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Netflix: What's new? What's worth it?

For the recurring column Netflix: What's new, what's worth it?
A movie-version of a book you probably read in school, a dark thriller, and an all-time classic stand-up performance are new in your queue. - The Associated Press

A Wrinkle In Time

This incredible, visionary tale from cracker-jack director Ava DuVernay is one of the most misunderstood, wrongfully-maligned films since the dawn of the millenium.

With a current 4.2 IMDB score, it's rated as one of the worst of 2018, and yet, this is the most visually stunning works I've seen in years.

Two siblings and their friend go into the universe to find a scientist father trapped. With the help of celestial beings, they push into the dark side of the other-world to rescue their dad.

DuVernay produces a kids movie mature enough for all audiences, and with young Storm Reid and Deric McCabe providing fantastic performances, it's a can't miss.

Reese Witherspoon, Mindy Kaling and Oprah are a delight here as larger-than-life helpers, and the film is an absolute thrill-ride in pure old-school Disney fashion.

I will never understand the hate for this film, because to me, this is a gem.

4/5 Stars

Harsh Times

This film about two grit-fueled friends in South Central L.A. mired by violence and difficult, impoverished lives, is a well-plotted, dark drama.

Starring Christian Bale and Freddy Rodriguez, the two give it all and give charismatic, full-bodied performances. Bale, for his part, is great in an often-forgotten career high.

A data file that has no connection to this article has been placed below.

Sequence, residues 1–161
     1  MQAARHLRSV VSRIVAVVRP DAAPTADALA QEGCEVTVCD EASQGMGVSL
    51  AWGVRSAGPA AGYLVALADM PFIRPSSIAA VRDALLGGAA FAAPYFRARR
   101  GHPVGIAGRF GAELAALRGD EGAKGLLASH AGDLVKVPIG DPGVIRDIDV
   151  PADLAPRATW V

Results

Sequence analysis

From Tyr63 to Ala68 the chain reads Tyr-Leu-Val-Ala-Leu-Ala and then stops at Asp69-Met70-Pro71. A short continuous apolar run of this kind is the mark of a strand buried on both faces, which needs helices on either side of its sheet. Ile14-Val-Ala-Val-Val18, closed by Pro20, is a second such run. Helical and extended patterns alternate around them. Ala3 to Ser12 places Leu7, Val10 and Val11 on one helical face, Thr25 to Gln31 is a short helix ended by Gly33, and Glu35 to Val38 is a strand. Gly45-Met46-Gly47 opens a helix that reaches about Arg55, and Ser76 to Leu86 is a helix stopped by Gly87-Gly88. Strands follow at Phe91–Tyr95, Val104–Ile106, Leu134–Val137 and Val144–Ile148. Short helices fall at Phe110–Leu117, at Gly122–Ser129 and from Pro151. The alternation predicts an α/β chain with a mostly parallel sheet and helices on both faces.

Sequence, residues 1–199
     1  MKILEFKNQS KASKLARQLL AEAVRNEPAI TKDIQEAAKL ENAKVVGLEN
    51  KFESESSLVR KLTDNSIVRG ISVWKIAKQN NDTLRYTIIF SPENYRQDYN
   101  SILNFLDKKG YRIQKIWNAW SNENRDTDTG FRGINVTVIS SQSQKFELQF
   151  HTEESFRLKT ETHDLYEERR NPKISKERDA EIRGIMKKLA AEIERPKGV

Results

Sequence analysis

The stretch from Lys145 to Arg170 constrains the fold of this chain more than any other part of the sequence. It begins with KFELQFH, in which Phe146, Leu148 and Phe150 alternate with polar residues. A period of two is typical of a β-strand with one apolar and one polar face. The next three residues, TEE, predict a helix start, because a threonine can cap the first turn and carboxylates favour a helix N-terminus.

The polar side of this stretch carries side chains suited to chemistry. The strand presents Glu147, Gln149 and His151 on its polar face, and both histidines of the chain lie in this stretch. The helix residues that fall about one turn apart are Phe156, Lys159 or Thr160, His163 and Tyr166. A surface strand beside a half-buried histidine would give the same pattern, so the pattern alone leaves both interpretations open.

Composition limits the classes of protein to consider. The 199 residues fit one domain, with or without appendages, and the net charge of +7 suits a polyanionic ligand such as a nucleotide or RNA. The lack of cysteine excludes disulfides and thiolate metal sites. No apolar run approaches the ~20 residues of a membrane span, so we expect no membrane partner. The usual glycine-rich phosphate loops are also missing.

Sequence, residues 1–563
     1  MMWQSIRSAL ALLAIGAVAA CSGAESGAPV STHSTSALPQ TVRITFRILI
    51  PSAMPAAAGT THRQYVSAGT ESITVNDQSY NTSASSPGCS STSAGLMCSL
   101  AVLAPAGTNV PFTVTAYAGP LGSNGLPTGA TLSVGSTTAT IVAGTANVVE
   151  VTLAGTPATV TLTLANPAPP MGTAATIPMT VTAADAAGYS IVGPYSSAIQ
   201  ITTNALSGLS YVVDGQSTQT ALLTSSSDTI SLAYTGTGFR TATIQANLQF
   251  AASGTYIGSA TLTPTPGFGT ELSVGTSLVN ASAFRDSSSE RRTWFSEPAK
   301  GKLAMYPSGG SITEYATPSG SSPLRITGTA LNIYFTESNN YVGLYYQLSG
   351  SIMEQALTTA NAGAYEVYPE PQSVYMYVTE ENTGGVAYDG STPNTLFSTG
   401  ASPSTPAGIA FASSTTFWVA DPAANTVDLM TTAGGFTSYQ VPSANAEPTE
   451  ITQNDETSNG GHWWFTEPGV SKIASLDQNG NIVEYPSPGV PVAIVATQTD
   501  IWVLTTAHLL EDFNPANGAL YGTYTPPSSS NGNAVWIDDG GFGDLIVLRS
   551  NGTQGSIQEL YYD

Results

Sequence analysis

David Ayer -- best known right now as the director of financially viable but critical flop Suicide Squad -- shows he has prowess as a writer-director here.

It's not an awards-worthy film, but as a genre movie, it establishes a firm, gripping story and Ayer gets the best from his leads.

3.5/5 Stars

Chloe

This psychological thriller is a sexy, provocative under-the-radar film that will take you by surprise.

From brilliant Canadian director Atom Egoyan, this spider's web of infidelity and mistrust is an awesome showcase for the stars.

It revolves around a woman who hires an escort to test her husband's fidelity. However, as things get closer, all three become a bit too involved in the trap that's been weaved.

Julianne Moore and Liam Neeson are great as husband and wife, but this is truly Amanda Seyfried's film. She's seductive, playful and menacing as the escort in between the married couple.

It's messy and imperfect, but it is an interesting exercise.

3.5/5 Stars

Delirious

(No legally posted trailer available)

Eddie Murphy's 1980's days in a red leather jacket were profane, hilarious and not even a little bit appropriate for today's audience.

But if you keep an open mind, his comedy special here is one of the funniest things I've ever seen.

Murphy -- who has long since become a joke in Hollywood -- owned the 80's, and things like this prove why.

It's a gut-busting 70 minute affair, and you'll be cough-laughing your whole way through.

5/5 Stars

Operation Finale

This moody, atmospheric drama follows agents tasked with tracking down Nazis post-WWII and bringing them to justice.

When they find who they think is Holocaust puppet-master Adolph Eichmann, they go through a rigorous, daunting and emotional investigation. Then, their patience and loyalty is tested when they must extract him and bring him in for trial.

Oscar Isaac and Ben Kingsley's sparring is enough reason alone to watch this flick. Kingsley is the best he's been in a decade as Eichmann.

Isaac continues his run as the best thing about every movie he's involved in. I can't say this is a delight due to its subject matter, but it's an important film that's worth your time investment.

4/5 Stars

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